Source:

Sämtliche schriften und briefe series VI volume 4
Deutsche Akademie der Wissenschaften (ed)
pp 626, 867, 869 & 937



Date: #1 - mid-1685? #2 - summer 1687 - end 1696? #3 - August 1688 - January 1689?

Translated from the Latin



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METAPHYSICS
MIND, BODY AND SOUL
FREE WILL AND NECESSITY
SCIENCE
POLITICS, LAW AND ETHICS
THEOLOGY


LEIBNIZ: DEFINITIONS OF METAPHYSICAL AND LOGICAL NOTIONS


[A VI 4, p626]

     Existence cannot be defined any more than can being or pure positive, so of course how can any clearer idea be presented to us; but it should be known that every possible would exist if it could, but because not every possible can exist, with some impeding others, those exist which are more perfect. And so that which is most perfect is certainly understood to exist. But there is some most perfect being, i.e. the most perfect being is possible, because it is nothing other than pure positive.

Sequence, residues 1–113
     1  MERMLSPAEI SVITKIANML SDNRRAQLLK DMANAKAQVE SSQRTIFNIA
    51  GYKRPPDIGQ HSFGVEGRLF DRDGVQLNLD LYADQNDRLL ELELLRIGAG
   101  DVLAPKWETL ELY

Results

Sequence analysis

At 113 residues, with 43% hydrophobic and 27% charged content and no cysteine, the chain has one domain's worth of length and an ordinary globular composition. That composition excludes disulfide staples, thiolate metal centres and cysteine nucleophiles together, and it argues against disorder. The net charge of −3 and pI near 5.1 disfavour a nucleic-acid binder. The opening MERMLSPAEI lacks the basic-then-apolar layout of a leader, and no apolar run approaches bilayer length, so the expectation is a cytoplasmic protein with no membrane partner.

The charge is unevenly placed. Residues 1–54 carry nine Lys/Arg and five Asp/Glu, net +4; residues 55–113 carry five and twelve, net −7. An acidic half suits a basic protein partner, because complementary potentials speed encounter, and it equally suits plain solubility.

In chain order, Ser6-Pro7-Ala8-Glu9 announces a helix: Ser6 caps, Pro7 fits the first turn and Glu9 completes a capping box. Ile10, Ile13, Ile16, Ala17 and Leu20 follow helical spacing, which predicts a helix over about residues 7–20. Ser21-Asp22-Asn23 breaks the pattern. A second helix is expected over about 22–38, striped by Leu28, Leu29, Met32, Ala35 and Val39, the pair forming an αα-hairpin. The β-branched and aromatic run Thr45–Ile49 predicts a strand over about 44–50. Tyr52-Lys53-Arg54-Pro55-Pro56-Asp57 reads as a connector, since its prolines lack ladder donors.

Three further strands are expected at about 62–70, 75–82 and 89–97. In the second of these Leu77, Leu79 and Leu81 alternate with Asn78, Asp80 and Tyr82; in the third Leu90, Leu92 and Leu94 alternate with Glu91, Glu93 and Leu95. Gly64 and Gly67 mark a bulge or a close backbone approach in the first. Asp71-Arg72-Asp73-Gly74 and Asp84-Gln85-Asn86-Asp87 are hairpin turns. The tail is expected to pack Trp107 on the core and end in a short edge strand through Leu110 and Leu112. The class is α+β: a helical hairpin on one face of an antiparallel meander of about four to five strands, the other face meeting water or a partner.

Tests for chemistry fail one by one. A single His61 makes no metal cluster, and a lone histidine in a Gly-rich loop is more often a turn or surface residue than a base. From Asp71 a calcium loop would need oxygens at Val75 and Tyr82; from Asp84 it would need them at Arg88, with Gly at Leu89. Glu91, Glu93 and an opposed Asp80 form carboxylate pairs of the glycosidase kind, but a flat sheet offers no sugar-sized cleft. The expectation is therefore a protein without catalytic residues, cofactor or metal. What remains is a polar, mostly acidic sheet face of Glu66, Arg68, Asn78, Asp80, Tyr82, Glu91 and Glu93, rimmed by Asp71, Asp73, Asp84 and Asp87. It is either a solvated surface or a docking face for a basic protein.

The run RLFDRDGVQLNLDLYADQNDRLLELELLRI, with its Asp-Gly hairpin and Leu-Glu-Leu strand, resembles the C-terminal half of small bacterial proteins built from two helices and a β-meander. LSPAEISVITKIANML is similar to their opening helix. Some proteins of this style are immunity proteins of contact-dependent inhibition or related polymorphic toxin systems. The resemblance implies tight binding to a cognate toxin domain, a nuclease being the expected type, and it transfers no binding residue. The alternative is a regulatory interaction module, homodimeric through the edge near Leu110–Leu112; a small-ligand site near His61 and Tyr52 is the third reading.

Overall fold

LEIBNIZ: DEFINITIONS: BEING, POSSIBLE, EXISTING


[A VI 4, p867]

Being  possible limit.
     Possible  that which does not imply contradiction.
     Existing  compossible with the most perfect.
     Compossible  that which does not imply contradiction with another.
     More perfect  is that which has more of reality or of positive entity.
     Necessary, the opposite of which is impossible.
     Contingent  is not necessary.

.....

[A VI 4, p869]

     Being is that which is distinctly thinkable.
     Existing is that which is distinctly perceptible.
     A chimera, or false being, is that which is thinkable, but not distinctly.


LEIBNIZ: DEFINITIONS: SOMETHING, NOTHING, OPPOSITE, POSSIBLE


[A VI 4, p937]

Something is that which can be thought.
Nothing is that which cannot be named, cannot be thought like Blitiri.
Opposites are where one thing is the contradiction of the other
Possible is whatever can be understood.
Impossible is that which cannot be understood, or that which implies contradiction, like a four-sided triangle.
Necessary is where the opposite of which is impossible.
Contingent is where the opposite of which is possible.
Primitive is that which is understood through itself.
Derivative is that which must be understood by resolution into other things, like fire is resolved into light and heat.
Prior by nature is that which is less derivative, and so that which enters into the concept of another thing is itself prior by nature.


© Lloyd Strickland 2003, 2007